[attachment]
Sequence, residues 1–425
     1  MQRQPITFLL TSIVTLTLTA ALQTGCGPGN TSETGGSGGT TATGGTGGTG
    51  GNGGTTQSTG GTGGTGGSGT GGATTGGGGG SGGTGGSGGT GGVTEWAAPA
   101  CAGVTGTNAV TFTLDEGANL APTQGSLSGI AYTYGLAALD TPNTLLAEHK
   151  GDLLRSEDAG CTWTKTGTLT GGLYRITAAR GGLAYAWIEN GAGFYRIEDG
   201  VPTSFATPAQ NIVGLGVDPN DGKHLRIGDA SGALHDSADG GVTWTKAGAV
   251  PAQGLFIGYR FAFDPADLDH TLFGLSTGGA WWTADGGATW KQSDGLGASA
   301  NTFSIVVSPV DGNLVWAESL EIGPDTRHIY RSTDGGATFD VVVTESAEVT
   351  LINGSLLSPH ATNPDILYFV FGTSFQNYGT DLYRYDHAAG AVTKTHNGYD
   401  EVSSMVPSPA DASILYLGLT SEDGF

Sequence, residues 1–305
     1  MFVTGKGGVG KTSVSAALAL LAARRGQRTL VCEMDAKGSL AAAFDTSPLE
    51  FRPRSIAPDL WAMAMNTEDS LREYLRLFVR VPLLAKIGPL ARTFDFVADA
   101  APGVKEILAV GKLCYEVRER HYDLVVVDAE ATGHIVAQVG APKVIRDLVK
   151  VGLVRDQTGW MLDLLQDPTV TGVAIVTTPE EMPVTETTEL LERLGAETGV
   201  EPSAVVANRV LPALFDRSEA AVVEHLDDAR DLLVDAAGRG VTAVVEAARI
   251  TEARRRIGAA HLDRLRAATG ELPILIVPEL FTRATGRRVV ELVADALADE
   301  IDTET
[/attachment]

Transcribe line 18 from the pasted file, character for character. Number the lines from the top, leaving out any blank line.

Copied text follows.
   301  IDTET